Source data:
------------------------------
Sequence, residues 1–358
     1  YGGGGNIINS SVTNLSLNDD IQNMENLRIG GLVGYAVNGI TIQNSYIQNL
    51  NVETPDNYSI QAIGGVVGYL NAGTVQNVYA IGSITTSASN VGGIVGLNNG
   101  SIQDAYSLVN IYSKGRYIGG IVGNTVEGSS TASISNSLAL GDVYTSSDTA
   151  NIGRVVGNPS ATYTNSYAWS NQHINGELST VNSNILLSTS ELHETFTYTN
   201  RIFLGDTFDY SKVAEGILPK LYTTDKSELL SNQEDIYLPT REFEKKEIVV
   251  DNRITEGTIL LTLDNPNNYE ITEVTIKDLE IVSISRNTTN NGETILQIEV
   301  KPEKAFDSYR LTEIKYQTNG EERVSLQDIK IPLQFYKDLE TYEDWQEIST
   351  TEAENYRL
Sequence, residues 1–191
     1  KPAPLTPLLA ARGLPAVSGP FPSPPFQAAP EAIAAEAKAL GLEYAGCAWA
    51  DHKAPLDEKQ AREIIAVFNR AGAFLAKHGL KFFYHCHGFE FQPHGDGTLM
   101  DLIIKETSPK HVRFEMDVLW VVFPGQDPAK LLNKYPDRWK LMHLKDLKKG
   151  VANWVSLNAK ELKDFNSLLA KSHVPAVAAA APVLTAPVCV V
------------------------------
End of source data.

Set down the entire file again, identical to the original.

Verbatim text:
Sequence, residues 1–358
     1  YGGGGNIINS SVTNLSLNDD IQNMENLRIG GLVGYAVNGI TIQNSYIQNL
    51  NVETPDNYSI QAIGGVVGYL NAGTVQNVYA IGSITTSASN VGGIVGLNNG
   101  SIQDAYSLVN IYSKGRYIGG IVGNTVEGSS TASISNSLAL GDVYTSSDTA
   151  NIGRVVGNPS ATYTNSYAWS NQHINGELST VNSNILLSTS ELHETFTYTN
   201  RIFLGDTFDY SKVAEGILPK LYTTDKSELL SNQEDIYLPT REFEKKEIVV
   251  DNRITEGTIL LTLDNPNNYE ITEVTIKDLE IVSISRNTTN NGETILQIEV
   301  KPEKAFDSYR LTEIKYQTNG EERVSLQDIK IPLQFYKDLE TYEDWQEIST
   351  TEAENYRL
Sequence, residues 1–191
     1  KPAPLTPLLA ARGLPAVSGP FPSPPFQAAP EAIAAEAKAL GLEYAGCAWA
    51  DHKAPLDEKQ AREIIAVFNR AGAFLAKHGL KFFYHCHGFE FQPHGDGTLM
   101  DLIIKETSPK HVRFEMDVLW VVFPGQDPAK LLNKYPDRWK LMHLKDLKKG
   151  VANWVSLNAK ELKDFNSLLA KSHVPAVAAA APVLTAPVCV V